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If you are a member of SVN, share your latest news with the network and the world! We welcome submissions from members for possible inclusion on this blog and in our monthly e-newsletter, The Networker. Stories about:february-2009-networker-1

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2 Comments Add your own

  • 2. Jonathan C. Lewis  |  May 17, 2009 at 3:34 pm

    The Index of Global Philanthropy from the Center for Global Prosperity is chock full of valuable “perspective data” on economic development. For example, on a global basis, 17% of total financial flows from the developed to developing countries comes from official governmental development assistance. By comparison, private remittances account for 45% of financial flows.

    For the USA, government aid is 9% of total economic engagement with developing countries. Private philanthropy accounts for another 16%; remittances from U.S. workers are another 34% and private investment is 41%. The total in 2007= $235 billion.

    Private aid – foundations, mostly – sent $3.3 billion to developing countries in 2007. 50% of all foundation international grants went to health care. 25% was for economic development. 9% was disaster and refugee assistance.

    All in all, the takeaway lesson is that social entrepreneurs need to look hard at how best to strategically engage. If funding an economic development social business, what is the exit strategy? How is success measured and, most importantly, how is that success disseminated to policymakers and sources of permanent enterprise funding mobilized?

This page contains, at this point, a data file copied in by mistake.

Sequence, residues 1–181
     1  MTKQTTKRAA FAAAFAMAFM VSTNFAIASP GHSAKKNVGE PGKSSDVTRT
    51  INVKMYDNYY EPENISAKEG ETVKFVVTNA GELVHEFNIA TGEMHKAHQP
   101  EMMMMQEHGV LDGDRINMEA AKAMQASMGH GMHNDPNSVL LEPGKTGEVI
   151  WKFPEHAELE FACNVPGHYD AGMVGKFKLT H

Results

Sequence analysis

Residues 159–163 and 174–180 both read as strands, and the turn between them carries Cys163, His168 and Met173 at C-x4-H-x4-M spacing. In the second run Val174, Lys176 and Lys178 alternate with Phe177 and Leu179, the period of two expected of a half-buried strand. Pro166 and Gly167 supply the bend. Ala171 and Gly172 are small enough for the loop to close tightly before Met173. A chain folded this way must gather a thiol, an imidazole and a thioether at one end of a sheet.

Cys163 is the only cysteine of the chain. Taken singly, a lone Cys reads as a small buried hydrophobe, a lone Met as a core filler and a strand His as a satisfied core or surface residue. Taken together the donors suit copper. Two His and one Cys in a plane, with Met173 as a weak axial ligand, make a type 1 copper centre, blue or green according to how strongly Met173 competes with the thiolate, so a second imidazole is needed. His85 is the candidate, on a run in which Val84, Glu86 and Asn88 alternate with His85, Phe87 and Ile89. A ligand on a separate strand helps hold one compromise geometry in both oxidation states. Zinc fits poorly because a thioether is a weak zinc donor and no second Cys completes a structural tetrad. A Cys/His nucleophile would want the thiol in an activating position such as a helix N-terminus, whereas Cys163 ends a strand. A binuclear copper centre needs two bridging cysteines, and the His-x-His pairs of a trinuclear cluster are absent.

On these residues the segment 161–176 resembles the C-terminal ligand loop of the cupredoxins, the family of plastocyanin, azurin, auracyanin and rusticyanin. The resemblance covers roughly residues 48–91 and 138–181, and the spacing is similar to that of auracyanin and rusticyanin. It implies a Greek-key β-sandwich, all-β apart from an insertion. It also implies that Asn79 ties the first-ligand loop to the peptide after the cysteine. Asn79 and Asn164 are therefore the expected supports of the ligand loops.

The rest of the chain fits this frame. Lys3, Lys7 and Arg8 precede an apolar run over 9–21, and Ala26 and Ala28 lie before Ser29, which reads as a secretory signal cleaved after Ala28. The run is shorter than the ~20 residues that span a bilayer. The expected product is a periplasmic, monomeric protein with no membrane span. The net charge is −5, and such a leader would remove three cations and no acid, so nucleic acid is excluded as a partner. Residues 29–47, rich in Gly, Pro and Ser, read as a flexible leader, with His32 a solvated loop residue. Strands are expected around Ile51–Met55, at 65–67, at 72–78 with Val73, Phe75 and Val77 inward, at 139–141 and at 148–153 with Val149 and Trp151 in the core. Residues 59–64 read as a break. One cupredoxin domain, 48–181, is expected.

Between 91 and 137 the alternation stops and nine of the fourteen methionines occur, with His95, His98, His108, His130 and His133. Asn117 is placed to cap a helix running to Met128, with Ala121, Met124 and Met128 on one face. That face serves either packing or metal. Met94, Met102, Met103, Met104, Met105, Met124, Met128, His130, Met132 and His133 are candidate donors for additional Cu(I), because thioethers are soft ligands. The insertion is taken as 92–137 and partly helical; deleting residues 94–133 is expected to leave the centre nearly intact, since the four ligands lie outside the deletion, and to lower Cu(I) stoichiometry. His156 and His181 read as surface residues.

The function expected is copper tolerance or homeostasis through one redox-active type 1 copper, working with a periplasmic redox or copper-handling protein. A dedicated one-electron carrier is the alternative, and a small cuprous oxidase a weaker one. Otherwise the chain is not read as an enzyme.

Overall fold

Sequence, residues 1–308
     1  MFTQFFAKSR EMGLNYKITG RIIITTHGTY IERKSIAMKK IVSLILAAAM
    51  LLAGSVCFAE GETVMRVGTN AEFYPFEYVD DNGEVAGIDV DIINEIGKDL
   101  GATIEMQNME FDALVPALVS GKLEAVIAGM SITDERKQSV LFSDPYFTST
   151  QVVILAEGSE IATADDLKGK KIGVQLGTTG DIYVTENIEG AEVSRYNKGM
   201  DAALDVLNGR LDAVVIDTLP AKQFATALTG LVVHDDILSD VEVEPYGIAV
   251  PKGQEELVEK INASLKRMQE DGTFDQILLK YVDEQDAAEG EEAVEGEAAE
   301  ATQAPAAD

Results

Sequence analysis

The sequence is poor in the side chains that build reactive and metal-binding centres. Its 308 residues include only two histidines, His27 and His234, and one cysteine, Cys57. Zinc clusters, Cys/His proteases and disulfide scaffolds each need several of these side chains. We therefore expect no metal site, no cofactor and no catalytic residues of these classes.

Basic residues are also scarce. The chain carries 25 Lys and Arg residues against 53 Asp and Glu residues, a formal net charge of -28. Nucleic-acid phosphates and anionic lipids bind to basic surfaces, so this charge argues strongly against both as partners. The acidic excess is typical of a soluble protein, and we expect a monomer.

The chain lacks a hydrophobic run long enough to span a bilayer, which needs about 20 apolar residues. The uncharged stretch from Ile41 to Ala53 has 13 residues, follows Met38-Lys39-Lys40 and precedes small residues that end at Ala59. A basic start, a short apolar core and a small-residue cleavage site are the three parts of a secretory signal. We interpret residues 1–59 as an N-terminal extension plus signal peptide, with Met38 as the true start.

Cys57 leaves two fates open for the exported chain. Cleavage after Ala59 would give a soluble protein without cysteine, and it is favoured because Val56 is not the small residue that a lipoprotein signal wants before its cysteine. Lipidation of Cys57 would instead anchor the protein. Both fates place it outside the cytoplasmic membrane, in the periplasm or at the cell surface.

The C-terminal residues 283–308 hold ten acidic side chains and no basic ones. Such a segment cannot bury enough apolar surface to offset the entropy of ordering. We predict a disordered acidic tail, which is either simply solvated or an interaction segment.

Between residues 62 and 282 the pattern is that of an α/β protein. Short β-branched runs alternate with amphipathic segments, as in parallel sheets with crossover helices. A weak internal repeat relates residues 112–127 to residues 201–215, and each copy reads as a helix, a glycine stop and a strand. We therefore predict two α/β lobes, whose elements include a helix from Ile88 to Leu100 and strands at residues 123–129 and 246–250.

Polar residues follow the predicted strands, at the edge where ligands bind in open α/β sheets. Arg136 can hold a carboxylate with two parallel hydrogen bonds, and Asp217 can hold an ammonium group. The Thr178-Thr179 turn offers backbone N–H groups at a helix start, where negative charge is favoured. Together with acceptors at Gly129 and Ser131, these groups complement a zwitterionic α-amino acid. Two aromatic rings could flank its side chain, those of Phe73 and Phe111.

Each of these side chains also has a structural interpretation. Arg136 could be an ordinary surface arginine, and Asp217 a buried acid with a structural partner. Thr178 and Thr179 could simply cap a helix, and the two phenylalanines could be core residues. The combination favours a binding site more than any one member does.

These challenges and more will be the subject of the SVN-supported Opportunity Collaboration. On World Poverty Day (October 17, 2009), a group of entrepreneurial anti-poverty leaders are convening for a strategic offsite. The co-conveners are the Ashoka, Aspen Network of Development Entrepreneurs, Calvert Social Investment Foundation, Global Philanthropy Forum, Social Venture Network, Stanford Social Innovation Review (Stanford Center for Social Innovation), Women Donors Network, Worldways Social Marketing and MicroCredit Enterprises CEO (and SVNer) Jonathan C. Lewis.

    We know the current economic slump is going to seriously hurt the poor, not to mention nonprofit and social finance funding. The Opportunity Collaboration presumes that financial scarcity demands an unprecedented level of collaboration, resource leveraging and new alliances.

    All SVNers are pre-qualified to attend this summit as a Delegate. Join us if you mission is poverty alleviation and your margin is measured by social change.


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